While in this scenario, the OECD would also be expected to keep the essential components of Pillar 1 unchanged, there would be sufficient time to discuss, modify, and improve the technical and administrative issues.

While there is no reason to assume that Pillar 1 would cause a great deal of euphoria, the pain of having to align a somewhat alien (formulaic) concept with the existing regulations for international taxation and profit allocation (arm’s length) would be conceivably be mitigated when clear delineations (scope of application, definitions of key terms) are established.

Scenario three: back to the drawing board (long-term orientation)

Whether or not the Pillar 1 would eventually be adopted was not a foregone conclusion even at the beginning of 2020.

The OECD did not have a “plan B.” While this was probably a deliberate choice made under the influence of the prevailing political pressure, it also reflected a certain degree of stubbornness as well as lack of creativity.

To be sure, irrespective of the current crisis, the transfer pricing regulations must be modified to cope with digital commerce, and the window for reforms will remain small (political pressures will remain).

With the adoption of Pillar 1 by the end of 2020 in jeopardy, however, there may be an opportunity to reintroduce some of the conceptual questions into the discussion.

 Most importantly, we could address the underlying concept of value creation for transfer pricing in the 21st century.

That discussion should ideally transcend Pillar 1. The OECD was (maybe too) quick to depart from the arm’s length principle in the context of Pillar 1.

The Pillar 1 proposal coincided with the largely unquestioned new wisdom that the classical (market-based and, perhaps, IP-centric) concept of value creation must be modified to give more weight to people functions (at times reminiscent of the labor theory of value) and to the value contributed by a pool of users-customers (value creation originating outside of the MNE).

The Pillar 1 proposal coincided with the largely unquestioned new wisdom that the classical (market-based and, perhaps, IP-centric) concept of value creation must be modified to give more weight to people functions (at times reminiscent of the labor theory of value) and to the value contributed by a pool of users-customers (value creation originating outside of the MNE).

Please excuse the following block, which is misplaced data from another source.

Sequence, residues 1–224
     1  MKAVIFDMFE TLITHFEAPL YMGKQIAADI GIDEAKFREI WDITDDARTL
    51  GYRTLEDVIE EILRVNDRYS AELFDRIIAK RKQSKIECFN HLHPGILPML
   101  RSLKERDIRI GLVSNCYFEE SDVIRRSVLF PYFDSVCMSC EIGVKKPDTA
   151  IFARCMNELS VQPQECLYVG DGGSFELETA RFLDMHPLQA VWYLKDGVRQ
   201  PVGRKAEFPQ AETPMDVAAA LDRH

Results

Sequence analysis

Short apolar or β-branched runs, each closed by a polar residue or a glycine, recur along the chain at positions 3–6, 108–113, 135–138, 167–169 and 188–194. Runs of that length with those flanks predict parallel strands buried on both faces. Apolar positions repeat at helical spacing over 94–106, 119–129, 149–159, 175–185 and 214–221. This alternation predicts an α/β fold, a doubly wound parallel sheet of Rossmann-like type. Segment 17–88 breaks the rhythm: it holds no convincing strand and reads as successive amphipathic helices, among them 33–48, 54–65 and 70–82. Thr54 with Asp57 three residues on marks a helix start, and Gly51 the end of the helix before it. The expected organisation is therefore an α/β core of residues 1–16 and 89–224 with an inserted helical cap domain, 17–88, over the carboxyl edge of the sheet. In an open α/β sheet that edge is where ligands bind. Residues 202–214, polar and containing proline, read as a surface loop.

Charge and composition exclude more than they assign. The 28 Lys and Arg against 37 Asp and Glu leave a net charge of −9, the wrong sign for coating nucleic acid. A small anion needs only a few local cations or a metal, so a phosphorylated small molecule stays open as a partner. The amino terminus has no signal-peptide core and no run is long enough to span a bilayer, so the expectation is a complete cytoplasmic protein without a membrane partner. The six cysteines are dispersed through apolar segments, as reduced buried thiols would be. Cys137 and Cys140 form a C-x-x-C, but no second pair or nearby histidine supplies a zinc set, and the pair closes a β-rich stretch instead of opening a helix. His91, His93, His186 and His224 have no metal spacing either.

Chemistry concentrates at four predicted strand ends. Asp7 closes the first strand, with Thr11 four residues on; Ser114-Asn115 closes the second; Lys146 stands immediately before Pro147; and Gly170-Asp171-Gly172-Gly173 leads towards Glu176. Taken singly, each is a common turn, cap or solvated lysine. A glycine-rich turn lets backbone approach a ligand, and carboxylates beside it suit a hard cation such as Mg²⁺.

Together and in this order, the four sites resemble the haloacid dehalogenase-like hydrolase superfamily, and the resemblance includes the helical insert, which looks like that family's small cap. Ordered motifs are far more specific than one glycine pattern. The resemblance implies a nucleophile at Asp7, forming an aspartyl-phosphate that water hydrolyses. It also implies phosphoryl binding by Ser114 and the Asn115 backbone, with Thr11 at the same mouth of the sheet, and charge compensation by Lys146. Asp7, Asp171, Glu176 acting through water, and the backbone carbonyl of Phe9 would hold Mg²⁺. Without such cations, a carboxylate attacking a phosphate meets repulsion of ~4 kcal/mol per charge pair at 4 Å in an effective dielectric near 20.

A new coherent concept of value creation was, however, not formulated – let alone discussed.

There is intriguing new literature on the subject of transfer pricing value creation (mostly focused on the digital economy) that would provide fertile ground for this discussion. Establishing consensus on the concept of value-creation would be a solid basis for thinking about how we need to reform the existing regulatory framework.

Admittedly, such a discussion would take time. However, only by basing reforms on a coherent concept of value creation will it be feasible to create a sustainable regulatory framework for transfer pricing.

A blurred concept of value creation that reflects an unholy combination of market-based (arm’s length) elements and politically-based (formula apportionment-oriented on ambiguous notions of “fairness” and “equitable”) will not be sustainable.

If it is inevitable for political reasons to present more timely solutions to market jurisdictions, it seems preferable to agree to a temporary compromise that is not anchored in a reform of the existing regulatory framework.

Why not agree to allocate a  fraction of the taxes paid by MNEs pursuing highly digitalized business models (basically the FAANGs) that exceed certain thresholds (i.e., MNEs subject to country-by-country reporting (CbCR)) to market jurisdictions based on the proportional share of digital revenues realized in these jurisdictions?

 I can see several advantages of such a temporary compromise.

 First, the total taxes to be paid by the MNEs would remain unaffected, and negotiations among the countries would be limited to a single item, i.e., the share of taxes being designated for re-distribution (host nations could forfeit their taxable income on a pro-rata basis).

Moreover, the applicable amount of taxes for each MNE can be determined by comparative ease (CbCR).

An allocation-key should not be too complicated to compute (at least much easier compared to Pillar 1).

Also, the allocation of the taxes would be entirely politics-based and arbitrary (but opposed to Pillar 1 this would at least be explicitly acknowledged) and kept outside of the regulatory framework.